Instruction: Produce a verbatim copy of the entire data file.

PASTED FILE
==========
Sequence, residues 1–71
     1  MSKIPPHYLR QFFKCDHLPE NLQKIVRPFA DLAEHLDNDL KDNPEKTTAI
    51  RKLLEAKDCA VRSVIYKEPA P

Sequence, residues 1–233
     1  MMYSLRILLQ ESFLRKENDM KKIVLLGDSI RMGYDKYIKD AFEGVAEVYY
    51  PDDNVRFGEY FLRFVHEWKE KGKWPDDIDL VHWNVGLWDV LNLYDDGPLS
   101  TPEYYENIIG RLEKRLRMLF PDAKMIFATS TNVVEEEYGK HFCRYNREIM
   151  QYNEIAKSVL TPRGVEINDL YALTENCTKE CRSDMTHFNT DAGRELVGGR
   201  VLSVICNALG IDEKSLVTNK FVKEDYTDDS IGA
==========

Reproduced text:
Sequence, residues 1–71
     1  MSKIPPHYLR QFFKCDHLPE NLQKIVRPFA DLAEHLDNDL KDNPEKTTAI
    51  RKLLEAKDCA VRSVIYKEPA P

Sequence, residues 1–233
     1  MMYSLRILLQ ESFLRKENDM KKIVLLGDSI RMGYDKYIKD AFEGVAEVYY
    51  PDDNVRFGEY FLRFVHEWKE KGKWPDDIDL VHWNVGLWDV LNLYDDGPLS
   101  TPEYYENIIG RLEKRLRMLF PDAKMIFATS TNVVEEEYGK HFCRYNREIM
   151  QYNEIAKSVL TPRGVEINDL YALTENCTKE CRSDMTHFNT DAGRELVGGR
   201  VLSVICNALG IDEKSLVTNK FVKEDYTDDS IGA